Anushka: Power is not necessarily a bad thing. It takes power to make things happen. If there is a goal that I want to move towards and I put energy and effort towards it, power is going to be helpful. It takes energy, effort, and determination to make anything happen. What I’m talking about here is the energizing qualities of the Factors of Awakening and also some aspects of the paramis. Even the stabilizing factors are very relevant for power. Concentration is a very strong power. The ability to have calm is also a power, and the ability to be equanimous and not be knocked around by things. You can also say that mettā is a strong power, the force of goodwill; it’s like a protective power. Mettā, compassion, and all the brahmavihāras, are very strong powers that can help us take action in the world.
Spirit Rock: How did you become interested in teaching mindfulness to leaders?
Anushka: I’ve done a lot of work in organizations and with leaders, and I have an MBA. I came to this work because I had been doing my own meditation practice for a long time, 25 years. During that time, I held various leadership roles and was seeing the connection between the path of leadership development and the spiritual path. For a while, I kept the two paths separate. Then I became a professional consultant and coach, where my job was helping people in leadership roles with strategic planning and with leadership transitions, particularly. When I started teaching Dharma about ten years ago, I kept that separate from my consulting and coaching practice, but because I have an unusual name, when people looked me up on the web, they would find that I have both backgrounds, so that forced me to be more unified in my life! Now in my coaching practice, I primarily work with people who are interested in meditation and self-awareness or in connecting their spiritual life and work life. I’m also currently writing a book about integrating the paths of leadership and spirituality.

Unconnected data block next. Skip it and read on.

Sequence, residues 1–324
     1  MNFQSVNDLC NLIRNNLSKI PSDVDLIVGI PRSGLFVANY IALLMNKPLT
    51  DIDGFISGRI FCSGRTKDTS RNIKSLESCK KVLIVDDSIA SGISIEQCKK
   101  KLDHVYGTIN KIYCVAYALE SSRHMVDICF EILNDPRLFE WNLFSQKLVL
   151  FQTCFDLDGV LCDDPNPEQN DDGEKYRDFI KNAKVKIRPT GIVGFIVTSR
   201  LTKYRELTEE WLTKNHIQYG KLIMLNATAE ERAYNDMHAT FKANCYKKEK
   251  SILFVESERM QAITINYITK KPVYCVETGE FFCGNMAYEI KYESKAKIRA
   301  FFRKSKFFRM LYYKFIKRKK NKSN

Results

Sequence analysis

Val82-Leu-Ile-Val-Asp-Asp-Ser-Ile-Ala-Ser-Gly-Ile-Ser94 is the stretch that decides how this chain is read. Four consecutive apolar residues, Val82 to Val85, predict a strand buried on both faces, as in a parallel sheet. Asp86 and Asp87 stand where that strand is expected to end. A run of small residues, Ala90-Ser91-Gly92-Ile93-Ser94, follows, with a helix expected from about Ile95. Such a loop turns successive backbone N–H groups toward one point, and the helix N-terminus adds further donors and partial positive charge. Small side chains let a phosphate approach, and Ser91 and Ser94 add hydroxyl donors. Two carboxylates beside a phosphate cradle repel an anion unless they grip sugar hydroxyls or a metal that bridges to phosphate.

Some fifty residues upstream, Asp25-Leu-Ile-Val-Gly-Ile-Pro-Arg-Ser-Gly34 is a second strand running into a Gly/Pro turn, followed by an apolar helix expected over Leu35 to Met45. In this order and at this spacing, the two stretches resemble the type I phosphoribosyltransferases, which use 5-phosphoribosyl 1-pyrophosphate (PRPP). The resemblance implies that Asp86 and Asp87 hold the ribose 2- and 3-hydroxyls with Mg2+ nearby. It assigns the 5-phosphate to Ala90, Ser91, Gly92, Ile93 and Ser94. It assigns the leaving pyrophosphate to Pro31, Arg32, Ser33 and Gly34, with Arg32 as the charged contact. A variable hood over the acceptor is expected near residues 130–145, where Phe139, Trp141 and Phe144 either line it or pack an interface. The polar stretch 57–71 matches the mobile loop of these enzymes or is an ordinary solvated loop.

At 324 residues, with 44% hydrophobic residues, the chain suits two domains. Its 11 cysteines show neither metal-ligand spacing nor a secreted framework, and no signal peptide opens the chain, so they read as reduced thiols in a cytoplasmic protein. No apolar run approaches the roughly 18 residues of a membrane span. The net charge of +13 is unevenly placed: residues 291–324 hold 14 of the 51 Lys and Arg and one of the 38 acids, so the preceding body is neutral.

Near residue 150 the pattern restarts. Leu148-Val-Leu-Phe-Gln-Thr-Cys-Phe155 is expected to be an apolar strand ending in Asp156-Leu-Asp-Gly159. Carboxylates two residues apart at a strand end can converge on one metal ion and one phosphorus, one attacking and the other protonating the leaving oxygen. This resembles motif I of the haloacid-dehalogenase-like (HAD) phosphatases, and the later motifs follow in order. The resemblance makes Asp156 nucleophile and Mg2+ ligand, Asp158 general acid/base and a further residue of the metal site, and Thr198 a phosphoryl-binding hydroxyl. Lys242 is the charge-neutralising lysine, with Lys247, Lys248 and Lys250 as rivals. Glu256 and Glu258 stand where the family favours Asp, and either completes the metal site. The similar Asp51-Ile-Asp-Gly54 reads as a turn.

For me, the tools that I learned from getting my MBA were very good for organizational systems. But also in my toolkit are these skills of meditation and Dharma, of cultivating the mind and heart, of developing self-awareness and groundedness. These are more unusual, they’re not taught in Western classrooms, I didn’t learn them at Harvard or Yale, but they are as important, I think, for developing as a person, and particularly for leadership.